Saturday, 28 March 2009

Why no one should vote Labour in the next General Election.

There are somethings so fundamental to our way of life, and the functioning of our society that without them, it will cease to function. The freedom of speech, or communication, is one of those things. If and when a state proscribes what to say and what not to say; it prescribes thought. We cannot function as a society if our thoughts, on what we feel is right and wrong, cannot be expressed in words so that they can be disagreed with or influence others. If so, we will not know what the truth is, what is useful and what is harmful to us. This is all, seemingly, self-evident. However, when Jacqui Smith, the Labour Home Secretary, prevented Geert Wilders for coming to the UK she was doing more than stopping another human-being entering a country. She was proscribing his ideas, and precluding his thought and views AND, more importantly, preventing us from thinking the same. How dare we hear and thus possibly think those things? It is strange today that politicians have usurped such power. Through fear and complacency of our electorate, us, politicians have enacted laws (whether to deal with terrorism or public order), that allow them to proscribe what is right and wrong- through precluding thought and speech. Why, so unreservedly, have we given away this important right, won historically with such difficulty, so cheaply?

This is, partly, because we don't recall or know what type of a state controls ideas. Ask anyone who lived in Stalin's Russia, Mao's China or any American, who was left-leaning (irrespective of degree) during Joseph McCarthy's witch-hunts. The autocratic government sees the controlling of ideas as the first-step in maintaining absolute power. This month a small theatre in London is showing a piece starring Corin Redgrave as Dalton Trumbo. It depicts the actions of the 1947 'HUAC' or House of Un-American Activities Committee (not to be confused with McCarthy's attempts to imprison communists). This committee sought to destroy the careers of those who were thought to be Communists. But these were not Communists who were trying to take-over the US. Frighteningly, they were writers. Those whose views were impalatable and of concern to those in power were put on a blacklist. Those in power felt that the opinions of the blacklisted were a security risk and thus had to be made unlawful. (Like the Nazis, and other autocratic regimes those that founded HUAC failed to see that there is a illogicality in this approach and something important missing. This is whether those proscribed opinions though a threat to existing power (including existing structures or institutions of a state) could still 'legitimately' change power. (It is in precluding the idea, that the nature of these measures is autocratic. As it is the autocratic Government that precludes and usurps the exercise of choice of political ideology through the exercise of its authority).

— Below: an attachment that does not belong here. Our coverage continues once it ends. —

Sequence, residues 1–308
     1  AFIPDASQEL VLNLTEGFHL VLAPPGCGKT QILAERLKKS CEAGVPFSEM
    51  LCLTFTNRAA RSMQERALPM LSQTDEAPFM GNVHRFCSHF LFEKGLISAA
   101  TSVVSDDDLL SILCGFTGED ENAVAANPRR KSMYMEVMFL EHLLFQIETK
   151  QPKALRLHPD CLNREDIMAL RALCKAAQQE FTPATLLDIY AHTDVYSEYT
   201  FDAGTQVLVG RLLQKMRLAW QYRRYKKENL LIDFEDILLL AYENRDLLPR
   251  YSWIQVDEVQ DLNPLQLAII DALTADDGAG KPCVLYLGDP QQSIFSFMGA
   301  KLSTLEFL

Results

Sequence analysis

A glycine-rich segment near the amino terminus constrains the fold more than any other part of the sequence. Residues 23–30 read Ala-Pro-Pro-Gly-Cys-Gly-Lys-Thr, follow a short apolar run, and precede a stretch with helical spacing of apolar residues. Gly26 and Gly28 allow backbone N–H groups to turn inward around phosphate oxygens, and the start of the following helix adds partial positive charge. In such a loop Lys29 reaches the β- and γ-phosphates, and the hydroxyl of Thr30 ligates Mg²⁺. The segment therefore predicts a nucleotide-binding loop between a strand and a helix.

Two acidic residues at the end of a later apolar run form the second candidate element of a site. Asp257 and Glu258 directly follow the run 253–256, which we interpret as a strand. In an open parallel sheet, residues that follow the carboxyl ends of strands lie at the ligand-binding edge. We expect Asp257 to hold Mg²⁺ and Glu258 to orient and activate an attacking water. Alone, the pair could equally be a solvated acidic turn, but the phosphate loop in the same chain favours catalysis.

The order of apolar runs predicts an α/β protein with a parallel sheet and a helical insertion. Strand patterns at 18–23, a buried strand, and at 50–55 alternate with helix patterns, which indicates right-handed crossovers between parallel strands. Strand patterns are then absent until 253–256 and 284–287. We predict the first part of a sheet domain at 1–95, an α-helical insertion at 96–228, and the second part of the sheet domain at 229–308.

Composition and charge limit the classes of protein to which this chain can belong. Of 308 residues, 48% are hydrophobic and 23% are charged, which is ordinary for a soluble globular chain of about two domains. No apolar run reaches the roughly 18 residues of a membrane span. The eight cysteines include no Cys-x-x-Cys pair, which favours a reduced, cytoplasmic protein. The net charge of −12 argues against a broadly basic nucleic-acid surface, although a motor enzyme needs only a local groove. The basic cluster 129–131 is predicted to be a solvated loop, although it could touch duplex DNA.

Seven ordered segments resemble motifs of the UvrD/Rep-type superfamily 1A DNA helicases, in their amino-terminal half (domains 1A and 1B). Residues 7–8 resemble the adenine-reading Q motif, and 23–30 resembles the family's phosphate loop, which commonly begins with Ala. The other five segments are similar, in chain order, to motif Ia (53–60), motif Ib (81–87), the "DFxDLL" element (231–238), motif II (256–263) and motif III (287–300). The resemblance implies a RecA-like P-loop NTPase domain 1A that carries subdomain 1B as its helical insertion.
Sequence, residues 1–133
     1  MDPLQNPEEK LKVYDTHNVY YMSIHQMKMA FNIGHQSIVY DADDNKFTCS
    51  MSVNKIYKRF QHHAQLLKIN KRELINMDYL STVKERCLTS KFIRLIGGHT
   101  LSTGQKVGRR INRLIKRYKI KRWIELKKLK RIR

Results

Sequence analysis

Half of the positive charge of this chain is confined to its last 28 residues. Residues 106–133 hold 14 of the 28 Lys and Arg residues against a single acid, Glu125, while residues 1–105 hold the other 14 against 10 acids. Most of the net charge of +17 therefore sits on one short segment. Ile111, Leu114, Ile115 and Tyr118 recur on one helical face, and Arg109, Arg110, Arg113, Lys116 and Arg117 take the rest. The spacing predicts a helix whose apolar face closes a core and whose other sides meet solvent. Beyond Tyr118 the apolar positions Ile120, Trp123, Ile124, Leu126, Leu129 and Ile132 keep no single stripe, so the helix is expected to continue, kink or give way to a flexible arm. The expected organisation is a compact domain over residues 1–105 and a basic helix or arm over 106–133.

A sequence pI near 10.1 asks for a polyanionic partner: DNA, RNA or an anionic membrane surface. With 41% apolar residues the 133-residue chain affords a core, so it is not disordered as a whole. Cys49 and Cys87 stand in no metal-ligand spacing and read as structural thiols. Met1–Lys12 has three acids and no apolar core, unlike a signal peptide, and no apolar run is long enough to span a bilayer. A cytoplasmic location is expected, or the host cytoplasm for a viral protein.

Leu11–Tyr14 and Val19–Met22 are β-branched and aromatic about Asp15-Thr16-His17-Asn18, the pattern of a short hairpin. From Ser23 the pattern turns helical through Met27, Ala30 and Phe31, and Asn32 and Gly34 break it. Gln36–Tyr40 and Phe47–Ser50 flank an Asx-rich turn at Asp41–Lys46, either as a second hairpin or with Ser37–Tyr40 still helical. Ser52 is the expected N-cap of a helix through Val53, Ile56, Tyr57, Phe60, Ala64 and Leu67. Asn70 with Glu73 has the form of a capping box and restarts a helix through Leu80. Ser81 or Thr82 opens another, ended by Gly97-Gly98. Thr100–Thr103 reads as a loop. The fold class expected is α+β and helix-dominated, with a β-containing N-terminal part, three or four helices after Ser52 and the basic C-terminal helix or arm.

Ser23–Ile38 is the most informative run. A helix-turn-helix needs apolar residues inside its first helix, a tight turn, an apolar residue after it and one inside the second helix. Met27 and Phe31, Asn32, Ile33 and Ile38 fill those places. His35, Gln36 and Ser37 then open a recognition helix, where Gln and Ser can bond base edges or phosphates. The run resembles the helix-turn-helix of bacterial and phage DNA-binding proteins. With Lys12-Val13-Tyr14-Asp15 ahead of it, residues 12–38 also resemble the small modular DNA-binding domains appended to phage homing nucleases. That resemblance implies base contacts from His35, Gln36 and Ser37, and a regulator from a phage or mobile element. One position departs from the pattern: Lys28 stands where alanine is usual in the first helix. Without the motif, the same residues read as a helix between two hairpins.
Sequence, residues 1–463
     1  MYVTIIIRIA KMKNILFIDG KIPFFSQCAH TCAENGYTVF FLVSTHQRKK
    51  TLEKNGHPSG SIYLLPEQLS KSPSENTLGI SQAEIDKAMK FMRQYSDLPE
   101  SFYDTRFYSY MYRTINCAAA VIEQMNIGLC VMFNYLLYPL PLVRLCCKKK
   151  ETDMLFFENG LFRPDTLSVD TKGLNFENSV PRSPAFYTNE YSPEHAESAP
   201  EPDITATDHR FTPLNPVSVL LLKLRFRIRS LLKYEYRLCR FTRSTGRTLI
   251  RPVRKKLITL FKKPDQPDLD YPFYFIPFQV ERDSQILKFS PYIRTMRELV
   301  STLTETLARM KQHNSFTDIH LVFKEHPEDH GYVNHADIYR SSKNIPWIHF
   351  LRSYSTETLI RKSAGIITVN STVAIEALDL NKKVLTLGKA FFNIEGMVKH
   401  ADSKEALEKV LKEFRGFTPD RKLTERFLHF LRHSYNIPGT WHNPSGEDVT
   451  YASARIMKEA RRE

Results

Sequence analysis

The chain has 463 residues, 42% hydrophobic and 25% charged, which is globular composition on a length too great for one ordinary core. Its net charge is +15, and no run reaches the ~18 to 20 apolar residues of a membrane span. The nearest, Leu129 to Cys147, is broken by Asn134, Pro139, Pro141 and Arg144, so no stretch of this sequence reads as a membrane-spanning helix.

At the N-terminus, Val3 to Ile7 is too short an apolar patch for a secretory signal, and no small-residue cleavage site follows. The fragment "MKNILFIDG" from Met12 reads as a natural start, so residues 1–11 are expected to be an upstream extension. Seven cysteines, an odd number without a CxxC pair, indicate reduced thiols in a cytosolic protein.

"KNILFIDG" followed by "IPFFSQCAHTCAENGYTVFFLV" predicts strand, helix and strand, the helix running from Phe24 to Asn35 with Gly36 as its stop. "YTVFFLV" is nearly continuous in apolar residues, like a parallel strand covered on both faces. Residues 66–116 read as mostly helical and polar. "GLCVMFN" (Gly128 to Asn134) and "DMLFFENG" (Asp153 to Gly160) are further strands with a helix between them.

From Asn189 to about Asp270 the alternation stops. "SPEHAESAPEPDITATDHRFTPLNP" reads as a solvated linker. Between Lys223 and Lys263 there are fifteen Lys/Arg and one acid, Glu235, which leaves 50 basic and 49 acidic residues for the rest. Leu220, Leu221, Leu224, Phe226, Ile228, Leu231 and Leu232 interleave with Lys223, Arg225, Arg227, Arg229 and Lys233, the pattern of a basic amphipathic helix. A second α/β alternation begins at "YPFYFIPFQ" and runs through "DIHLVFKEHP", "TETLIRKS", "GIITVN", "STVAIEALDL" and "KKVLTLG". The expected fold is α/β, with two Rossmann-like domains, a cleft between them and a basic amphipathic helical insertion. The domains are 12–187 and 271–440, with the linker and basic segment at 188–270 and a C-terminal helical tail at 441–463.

I can thing of nothing more frightening to a liberal mature democracy who values the expression and reception of ideas as one of the key ways of human evolution than 'HUAC'. 'HUAC' created a blacklist of those opinions that were considered 'dangerous'. These approaches do not have the necessary mandate, or when they do, the mandate is sought through scaremongering of the people or qualified through their fears. One doesn't need to ponder whether the current Government has a 'blacklist'. In the Anti-Crime and Terrorism Act of 2001 the Government has given itself (due to the climate of terrorism) the power to proscribe organisations due to their ideology. Note, that according to this act a nursing organisation going on strike, thereby risking the lives of their patients, can be proscribed. It is frightening to see quite how powerful a piece of legislation this is. Here the Government has given itself the power not only to create a blacklist, but also to enlarge it as it sees fit. Who knows when this Act will be repealed, if ever. The public by and large has said nothing. It seems to think that to save lives it is ok to turn 'a little autocratic', as one girl told me. 'Why then did we fight the Nazis and not just join them?' I replied. This kind of usurpation of power must need a democratic mandate. I am not sure I want to live in a state that fights for terror most effectively, when it is being autocratic. To the current Home Secretary public peace is more important than the cost of policing-riots or a public march that arises from airing a view-point. That is not democracy, but dictatorship arising out of fear of losing control. If that is the case than the Labour Government is taking us backwards in time through the development of democracy and the modern world. No one should forget that recently in the early 17th C Galileo was bullied in front of a powerful inquisition for daring to say that the Earth moved around the Sun. The US Government failed to see the glaringly obvious, that by trying to proscribe the Communists it was emulating Stalin. People say 'but people get offended by some views, so those views should not be aired'. Is it not the responsibility in a mature democracy of those whose powers of reason are above the passions of taking offence to teach the others to 'offer the other cheek'? Or should we worry as Jacqui Smith and the 17thC Papacy did about public unrest and loss of authority due to the launching of an opinion? That response is a mark of Governmental failure; where a Government has to proscribe views it has lost control. This continuous enervation of our democratic society, feasibly deserves a national no vote against Labour in the next General Election. Another irrelevant thought comes to me here. This conduct by the State fosters lack of toleration amongst our people; it tells us not to tolerate the views of others, the state may even step into defend us from being offended. So many youth violent crimes occur due to 'he/she was disrespecting me'. It is surprising from this view why the Government is giving into possible violent reaction to Wilders.